According to Stephen Klineberg, sociology professor and founding director of the Kinder Institute for Urban Research, the fundamental reality of Houston is the growing gap between rich and poor due to differing access to quality education.
“It’s a new world where the good blue collar jobs have disappeared. Education is critical. And you’ve got in Houston growing affluence and growing poverty simultaneously,” Klineberg said. “The central division in America, the ethnic decision and the class division that is predicated on quality education is the critical question for the future of Houston.”
Outside of the city’s recent advancements in the industrial technology industry, Houston has a historical legacy of a strong sense of culture and community, according to Lenty Tran, a student at Texas Southern University and another member of the Student Coalition.
“There’s a strong cultural presence in Houston,” Tran said. “If you try to touch their communities, without really giving them a warning [...] it will come back, because we have really strong roots here in Houston. If they don’t try to center [The Ion] around Houston, I feel like it’s not going to go well, and it’s just going to be a poor investment.”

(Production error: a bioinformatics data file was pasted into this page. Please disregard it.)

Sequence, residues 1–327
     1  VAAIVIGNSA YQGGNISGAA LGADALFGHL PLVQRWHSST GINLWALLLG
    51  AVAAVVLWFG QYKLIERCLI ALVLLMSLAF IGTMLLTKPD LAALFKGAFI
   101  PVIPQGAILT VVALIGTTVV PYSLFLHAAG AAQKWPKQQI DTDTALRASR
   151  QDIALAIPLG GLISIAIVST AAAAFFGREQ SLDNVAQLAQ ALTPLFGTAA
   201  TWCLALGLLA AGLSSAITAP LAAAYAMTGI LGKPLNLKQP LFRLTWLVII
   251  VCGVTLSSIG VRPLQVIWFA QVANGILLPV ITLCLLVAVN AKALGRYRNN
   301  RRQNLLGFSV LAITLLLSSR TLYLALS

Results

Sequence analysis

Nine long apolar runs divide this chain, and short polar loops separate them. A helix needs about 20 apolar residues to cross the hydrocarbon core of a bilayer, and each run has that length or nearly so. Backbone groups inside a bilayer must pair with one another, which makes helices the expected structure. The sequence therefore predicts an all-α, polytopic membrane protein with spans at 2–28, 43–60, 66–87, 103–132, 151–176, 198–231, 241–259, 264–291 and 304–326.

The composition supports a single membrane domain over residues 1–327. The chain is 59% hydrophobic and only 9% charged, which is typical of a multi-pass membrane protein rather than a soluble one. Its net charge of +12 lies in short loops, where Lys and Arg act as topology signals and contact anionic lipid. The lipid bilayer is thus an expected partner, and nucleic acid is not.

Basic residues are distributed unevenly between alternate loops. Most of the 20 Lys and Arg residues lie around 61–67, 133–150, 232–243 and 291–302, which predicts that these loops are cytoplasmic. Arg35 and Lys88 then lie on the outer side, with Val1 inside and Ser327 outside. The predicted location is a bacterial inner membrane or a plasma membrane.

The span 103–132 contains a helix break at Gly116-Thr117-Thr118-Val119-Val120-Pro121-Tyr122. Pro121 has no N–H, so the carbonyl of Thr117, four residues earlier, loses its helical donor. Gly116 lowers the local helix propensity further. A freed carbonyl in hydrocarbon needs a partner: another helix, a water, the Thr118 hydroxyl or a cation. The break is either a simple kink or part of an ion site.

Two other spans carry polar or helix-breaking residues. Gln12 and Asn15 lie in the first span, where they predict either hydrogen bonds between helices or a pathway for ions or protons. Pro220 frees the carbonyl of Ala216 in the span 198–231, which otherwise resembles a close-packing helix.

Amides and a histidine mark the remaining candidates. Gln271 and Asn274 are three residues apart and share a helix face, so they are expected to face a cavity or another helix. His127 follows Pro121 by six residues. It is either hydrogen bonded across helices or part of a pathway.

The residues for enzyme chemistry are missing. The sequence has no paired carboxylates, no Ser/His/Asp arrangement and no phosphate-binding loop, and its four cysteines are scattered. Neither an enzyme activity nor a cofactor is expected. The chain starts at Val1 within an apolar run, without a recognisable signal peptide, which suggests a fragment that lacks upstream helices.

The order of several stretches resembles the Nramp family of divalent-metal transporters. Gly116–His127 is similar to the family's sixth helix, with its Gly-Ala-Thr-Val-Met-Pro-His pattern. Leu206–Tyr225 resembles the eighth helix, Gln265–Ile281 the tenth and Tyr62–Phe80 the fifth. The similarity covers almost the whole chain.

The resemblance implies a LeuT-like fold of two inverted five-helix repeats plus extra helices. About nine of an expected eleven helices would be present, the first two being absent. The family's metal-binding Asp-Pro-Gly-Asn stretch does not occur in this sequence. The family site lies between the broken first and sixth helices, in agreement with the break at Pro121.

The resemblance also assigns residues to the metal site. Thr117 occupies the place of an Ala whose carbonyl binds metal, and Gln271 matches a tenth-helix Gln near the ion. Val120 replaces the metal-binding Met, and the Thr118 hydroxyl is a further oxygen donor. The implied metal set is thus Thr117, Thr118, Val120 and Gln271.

According to a Third Ward Community Needs Assessment published by the Baker Institute for Public Policy in 2019, most residents in the area were interested in working in health, food and hospitality sectors. Very few respondents wanted to enter energy or technology fields, according to the report.
Background of The Ion Project
According to Rowe, the development of the Ion started when Houston, along with many other cities in the United States at the time, wrote a proposal to bring the second Amazon headquarters to Houston. After the proposal was submitted, Hurricane Harvey hit Houston.
“It was a really devastating time in many ways for the city of Houston,” Rowe said. “But in other ways, and I’m saying this [from] an outsider’s perspective, it was amazing to see the city pull together in some really fundamental ways, across geography, across racial lines, across economic lines.”